|WikiProject Indigenous peoples of North America||(Rated B-class)|
|WikiProject Mythology||(Rated B-class, Mid-importance)|
The creation story here is missing all its details - i'll try to clean it up, but it will take a lot of work. —The preceding unsigned comment was added by 18.104.22.168 (talk) 02:14, 3 October 2006 (UTC).
I've reworked the four worlds story using Ethelou Yazzie's Navajo History which is a collection of traditional stories put together for the Navajo Curriculum Center. This is one of the books used as the basis for a required segment of Navajo culture taught in schools on the Navajo reservation. I don't think we can get any more "meant to be known" than materials created specifically for the K-12th grade classroom.
I've also deleted the "Prophecy" section since it didn't make much sense. The only excerpt in the source that pertained to Navajos was distorted--the Holy People visitation was actually a request for a specific type of prayer that was no longer common and NOT a prophecy. I'll put the urls here just for the curious even if they do not have a proper place in the article:
- American Prophecy - 2 http://www.bibliotecapleyades.net/profecias/esp_profecia01h2.htm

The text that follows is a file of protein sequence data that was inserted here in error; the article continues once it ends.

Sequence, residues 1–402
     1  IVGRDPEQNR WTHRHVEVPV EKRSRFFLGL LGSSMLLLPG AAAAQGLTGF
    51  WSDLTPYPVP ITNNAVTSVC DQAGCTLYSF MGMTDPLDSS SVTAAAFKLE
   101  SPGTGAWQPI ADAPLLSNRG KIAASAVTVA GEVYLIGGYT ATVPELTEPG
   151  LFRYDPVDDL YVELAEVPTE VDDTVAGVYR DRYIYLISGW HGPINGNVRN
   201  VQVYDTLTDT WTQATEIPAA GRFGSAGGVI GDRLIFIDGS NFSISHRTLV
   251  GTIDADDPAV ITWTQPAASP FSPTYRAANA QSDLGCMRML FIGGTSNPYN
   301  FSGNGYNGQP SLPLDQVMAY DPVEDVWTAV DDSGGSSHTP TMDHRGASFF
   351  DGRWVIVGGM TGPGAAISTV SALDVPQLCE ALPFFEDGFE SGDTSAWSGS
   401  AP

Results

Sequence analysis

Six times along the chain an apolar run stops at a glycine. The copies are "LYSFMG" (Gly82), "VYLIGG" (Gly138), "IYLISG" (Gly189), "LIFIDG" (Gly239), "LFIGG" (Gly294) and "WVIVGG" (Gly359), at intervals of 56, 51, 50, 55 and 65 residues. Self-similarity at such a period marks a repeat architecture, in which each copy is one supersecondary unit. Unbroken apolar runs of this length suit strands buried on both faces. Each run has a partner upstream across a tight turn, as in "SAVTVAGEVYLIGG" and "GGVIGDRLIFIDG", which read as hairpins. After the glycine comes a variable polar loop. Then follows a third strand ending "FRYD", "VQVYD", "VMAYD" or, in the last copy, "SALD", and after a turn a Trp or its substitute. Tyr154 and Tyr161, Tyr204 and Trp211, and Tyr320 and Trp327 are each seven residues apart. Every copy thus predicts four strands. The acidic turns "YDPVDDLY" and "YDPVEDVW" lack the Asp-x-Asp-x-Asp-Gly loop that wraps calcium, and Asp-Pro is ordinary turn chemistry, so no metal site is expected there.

- Robert A. Nelson: American Prophecy http://www.rexresearch.com/usa/usaproph.htm
I got interested in this section (Creation Story) because I recently came across an old scholarly transcription by Aileen O'Bryan of the creation story as told in 1928 by Hastiin Tlo'tsi Hee, a Navajo ceremony leader who did not speak English. I compared his version to that reported by Zolbrod in Diné Bahane', and was intrigued by both the similarities and the discrepancies. I went to Wikipedia to see how the account there would compare to the other sources, and found Asdzani Bah's summary from Thelou Yazzie. I found that Yazzie's summary was a very credible resolution, and have expanded on it drawing on Zolbrod and Hastiin Tlo'tsi Hee while remaining true to the outline in Yazzie's Navajo History. WAlanDavis (talk) 05:20, 10 September 2010 (UTC)
I'm no expert on Navajo mythology, but it looks like the creation story contradicts itself. First it says humans (as insects-like people) pass through the first four worlds before permanently becoming humans in the fifth. Then it says humans were formed out of corn. --The President of Cool 20:22, 11 May 2007 (UTC)